Hundreds of professors walked out of class last week in a salary dispute with California State University.
If it seems like a strange time for a strike, well, it is. But faculty members have reason to be angry, and so do students and their parents.
CSU trustees and Chancellor Charles Reed have granted pay raises to administrators and exorbitant salaries to new campus presidents at a time when the university is struggling to fulfill its mission: educating students.
Faculty members are unhappy that, unlike administrators, their pay has been frozen since 2007. It's not fair, but the answer isn't more raises.
A raise implies there's money to sustain it in subsequent years. In the case of CSU, that's not clear.
After years of budget cuts, state funding for the 23-campus system has fallen to its lowest level since 1998. Midyear cuts are likely to take another<QA0>
$100 million from CSU.
Meanwhile, the price of attending Sonoma State or another CSU campus has climbed steadily.
On Wednesday, one day before professors at the Hayward and Dominguez Hills campuses staged a one-day strike, CSU trustees approved a 9 percent tuition increase, bringing basic fees to $5,970 for the 2011-12 school year. Tack on campus fees averaging $1,047, and the full cost will top $7,000.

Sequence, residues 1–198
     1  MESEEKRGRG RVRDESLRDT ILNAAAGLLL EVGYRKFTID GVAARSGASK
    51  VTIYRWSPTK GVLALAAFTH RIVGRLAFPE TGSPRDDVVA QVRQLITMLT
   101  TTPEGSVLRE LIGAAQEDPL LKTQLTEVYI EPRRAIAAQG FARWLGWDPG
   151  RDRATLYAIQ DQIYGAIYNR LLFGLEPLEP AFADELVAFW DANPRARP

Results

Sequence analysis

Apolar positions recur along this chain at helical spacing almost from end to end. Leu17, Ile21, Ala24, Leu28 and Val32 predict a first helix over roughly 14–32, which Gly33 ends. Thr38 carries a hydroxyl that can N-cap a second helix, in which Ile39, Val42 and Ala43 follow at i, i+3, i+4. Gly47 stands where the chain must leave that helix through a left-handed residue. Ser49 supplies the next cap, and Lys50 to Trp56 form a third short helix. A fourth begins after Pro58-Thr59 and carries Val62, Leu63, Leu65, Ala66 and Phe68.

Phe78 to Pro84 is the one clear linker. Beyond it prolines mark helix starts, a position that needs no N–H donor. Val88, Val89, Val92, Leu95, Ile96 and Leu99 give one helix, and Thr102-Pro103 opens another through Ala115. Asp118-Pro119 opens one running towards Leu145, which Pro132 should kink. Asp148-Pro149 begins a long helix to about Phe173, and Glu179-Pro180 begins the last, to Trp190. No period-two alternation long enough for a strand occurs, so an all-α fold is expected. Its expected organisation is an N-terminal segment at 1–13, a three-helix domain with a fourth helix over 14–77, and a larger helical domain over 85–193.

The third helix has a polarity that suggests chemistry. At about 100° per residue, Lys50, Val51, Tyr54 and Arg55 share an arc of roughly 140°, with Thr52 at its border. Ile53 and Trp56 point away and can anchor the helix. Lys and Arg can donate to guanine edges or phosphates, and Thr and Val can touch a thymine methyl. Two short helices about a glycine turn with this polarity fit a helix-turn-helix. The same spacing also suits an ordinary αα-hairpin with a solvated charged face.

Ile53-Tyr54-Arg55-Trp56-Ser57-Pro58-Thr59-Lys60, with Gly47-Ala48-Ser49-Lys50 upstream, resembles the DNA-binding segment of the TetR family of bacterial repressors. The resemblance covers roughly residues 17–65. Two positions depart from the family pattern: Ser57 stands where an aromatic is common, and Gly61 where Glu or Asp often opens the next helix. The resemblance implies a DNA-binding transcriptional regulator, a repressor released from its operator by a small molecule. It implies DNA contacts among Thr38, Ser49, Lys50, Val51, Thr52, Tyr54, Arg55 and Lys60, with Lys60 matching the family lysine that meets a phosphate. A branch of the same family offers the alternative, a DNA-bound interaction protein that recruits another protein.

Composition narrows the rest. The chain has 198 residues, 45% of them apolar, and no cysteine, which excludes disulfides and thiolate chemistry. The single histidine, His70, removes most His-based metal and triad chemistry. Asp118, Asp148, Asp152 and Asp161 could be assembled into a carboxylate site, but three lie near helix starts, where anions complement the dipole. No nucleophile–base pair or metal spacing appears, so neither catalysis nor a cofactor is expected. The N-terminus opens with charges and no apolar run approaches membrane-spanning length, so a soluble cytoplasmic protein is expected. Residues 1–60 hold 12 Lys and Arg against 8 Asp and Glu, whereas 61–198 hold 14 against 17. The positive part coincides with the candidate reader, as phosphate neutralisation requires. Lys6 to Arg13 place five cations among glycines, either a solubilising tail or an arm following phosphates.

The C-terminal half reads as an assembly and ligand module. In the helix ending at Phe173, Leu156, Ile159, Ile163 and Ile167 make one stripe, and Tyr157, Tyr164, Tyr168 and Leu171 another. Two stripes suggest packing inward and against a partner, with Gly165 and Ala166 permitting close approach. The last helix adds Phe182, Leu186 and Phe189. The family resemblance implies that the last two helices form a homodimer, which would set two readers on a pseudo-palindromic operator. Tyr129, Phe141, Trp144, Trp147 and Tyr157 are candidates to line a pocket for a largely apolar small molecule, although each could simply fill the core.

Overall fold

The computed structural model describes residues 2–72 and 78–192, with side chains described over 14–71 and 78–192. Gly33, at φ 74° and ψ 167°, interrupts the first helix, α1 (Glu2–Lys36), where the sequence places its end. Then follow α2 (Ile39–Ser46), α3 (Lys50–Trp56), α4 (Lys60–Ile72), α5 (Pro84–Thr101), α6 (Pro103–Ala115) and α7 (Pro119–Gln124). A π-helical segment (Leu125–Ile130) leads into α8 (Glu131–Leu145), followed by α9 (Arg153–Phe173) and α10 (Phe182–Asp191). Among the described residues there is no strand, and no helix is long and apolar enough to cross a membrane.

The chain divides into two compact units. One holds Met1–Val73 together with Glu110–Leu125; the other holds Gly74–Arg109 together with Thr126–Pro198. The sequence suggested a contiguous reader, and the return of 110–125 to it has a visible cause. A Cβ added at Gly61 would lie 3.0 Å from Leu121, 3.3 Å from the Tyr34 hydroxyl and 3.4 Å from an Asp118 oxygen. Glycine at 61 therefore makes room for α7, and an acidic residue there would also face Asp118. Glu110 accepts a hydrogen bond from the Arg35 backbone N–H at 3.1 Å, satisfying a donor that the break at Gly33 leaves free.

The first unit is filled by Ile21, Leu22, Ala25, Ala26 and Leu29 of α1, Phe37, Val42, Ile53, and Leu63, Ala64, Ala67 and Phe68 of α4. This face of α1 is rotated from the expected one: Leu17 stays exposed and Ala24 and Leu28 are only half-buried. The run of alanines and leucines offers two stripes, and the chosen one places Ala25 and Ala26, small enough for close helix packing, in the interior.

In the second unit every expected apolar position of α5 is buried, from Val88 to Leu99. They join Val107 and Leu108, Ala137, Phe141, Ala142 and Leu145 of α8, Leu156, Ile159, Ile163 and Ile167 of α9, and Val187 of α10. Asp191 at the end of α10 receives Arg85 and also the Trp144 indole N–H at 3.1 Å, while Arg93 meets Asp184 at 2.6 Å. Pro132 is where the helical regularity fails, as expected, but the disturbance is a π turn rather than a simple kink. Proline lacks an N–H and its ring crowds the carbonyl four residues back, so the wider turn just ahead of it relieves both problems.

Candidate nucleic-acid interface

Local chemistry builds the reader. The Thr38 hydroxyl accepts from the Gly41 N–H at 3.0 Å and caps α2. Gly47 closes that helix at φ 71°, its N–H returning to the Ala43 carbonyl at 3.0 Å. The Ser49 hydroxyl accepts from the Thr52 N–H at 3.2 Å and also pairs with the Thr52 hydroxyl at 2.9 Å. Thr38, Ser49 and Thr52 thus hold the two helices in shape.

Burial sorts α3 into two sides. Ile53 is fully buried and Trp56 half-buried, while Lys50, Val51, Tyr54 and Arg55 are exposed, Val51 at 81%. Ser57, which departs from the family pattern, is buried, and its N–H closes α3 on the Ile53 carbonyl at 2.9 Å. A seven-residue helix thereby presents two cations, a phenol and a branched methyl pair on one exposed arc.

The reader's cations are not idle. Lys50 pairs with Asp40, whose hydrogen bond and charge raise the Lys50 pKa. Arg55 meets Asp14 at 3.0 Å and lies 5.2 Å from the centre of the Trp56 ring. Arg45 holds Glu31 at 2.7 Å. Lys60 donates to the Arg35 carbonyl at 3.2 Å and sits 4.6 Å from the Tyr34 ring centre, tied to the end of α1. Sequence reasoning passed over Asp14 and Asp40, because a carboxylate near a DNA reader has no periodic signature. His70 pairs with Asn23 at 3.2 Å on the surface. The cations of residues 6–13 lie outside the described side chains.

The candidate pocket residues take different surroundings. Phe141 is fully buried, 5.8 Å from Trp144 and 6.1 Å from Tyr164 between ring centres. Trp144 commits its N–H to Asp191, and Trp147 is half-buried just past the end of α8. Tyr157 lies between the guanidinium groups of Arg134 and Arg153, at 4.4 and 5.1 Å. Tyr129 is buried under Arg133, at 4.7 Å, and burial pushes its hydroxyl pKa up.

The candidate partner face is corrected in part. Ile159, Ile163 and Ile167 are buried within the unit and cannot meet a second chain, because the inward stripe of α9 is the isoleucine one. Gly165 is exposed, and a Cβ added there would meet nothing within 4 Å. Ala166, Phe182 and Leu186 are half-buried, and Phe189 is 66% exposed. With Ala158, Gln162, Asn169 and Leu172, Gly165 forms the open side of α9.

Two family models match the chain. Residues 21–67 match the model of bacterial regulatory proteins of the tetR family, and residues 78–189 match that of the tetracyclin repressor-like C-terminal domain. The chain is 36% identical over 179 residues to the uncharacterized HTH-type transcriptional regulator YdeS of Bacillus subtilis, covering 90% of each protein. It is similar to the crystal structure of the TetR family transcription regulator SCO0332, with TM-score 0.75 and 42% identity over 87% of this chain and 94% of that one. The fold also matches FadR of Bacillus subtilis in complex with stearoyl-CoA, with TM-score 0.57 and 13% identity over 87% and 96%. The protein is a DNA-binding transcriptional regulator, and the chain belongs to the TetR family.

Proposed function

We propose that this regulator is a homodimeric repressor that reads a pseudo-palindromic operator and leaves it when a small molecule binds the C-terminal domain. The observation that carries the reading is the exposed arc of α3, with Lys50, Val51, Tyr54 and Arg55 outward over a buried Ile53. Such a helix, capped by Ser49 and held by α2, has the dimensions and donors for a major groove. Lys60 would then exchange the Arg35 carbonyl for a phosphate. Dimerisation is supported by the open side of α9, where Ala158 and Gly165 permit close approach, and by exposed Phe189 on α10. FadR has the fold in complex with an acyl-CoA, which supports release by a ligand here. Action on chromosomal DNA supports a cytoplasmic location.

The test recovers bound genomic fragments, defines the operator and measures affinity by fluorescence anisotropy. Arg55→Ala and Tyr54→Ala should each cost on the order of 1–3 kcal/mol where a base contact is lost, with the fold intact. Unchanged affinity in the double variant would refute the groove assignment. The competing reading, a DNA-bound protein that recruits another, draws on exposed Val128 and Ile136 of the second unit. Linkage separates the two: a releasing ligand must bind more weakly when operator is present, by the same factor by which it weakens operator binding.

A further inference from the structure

Tuition and fees have more than tripled since 2002-03, and, as faculty representatives pointed out during a recent visit with The Press Democrat editorial board, today's students are getting less for their money as classes are eliminated and many vacant teaching posts go unfilled.
"They're building a top-heavy institution," said Andy Merrifield, a Sonoma State government professor and chairman of the California Faculty Association's bargaining committee. On that point, he's right.
At a time when CSU officials should be holding the line on administrative expenses, the CSU trustees recently approved a $400,000 salary for the new president of San Diego State University. That's an increase of $100,000 over his predecessor. The new president at Cal Poly San Luis Obispo is paid $380,000 a year — $52,000 more than the posted maximum for the job. Other administrators also got pay raises, costing a combined $6 million.
University officials justify those decisions by saying they must pay top dollar to attract and retain top talent. Yet Reed twice rejected the recommendations of state-appointed fact-finders who said CSU could afford small raises for teaching staff.
Faculty members say some recently hired assistant professors are paid more than fully tenured professors and want the university to rectify that as a matter of equity.
But paying for raises also is a matter of equity.
CSU's is supposed to provide an affordable education. With each fee hike, it gets further from that mission.
As a result, we can't support pay raises for the faculty at this time. Still, with their first-ever strike, the professors made a legitimate point about the university's skewed priorities. Students are sacrificing, so is the faculty. Top administrators must sacrifice, too.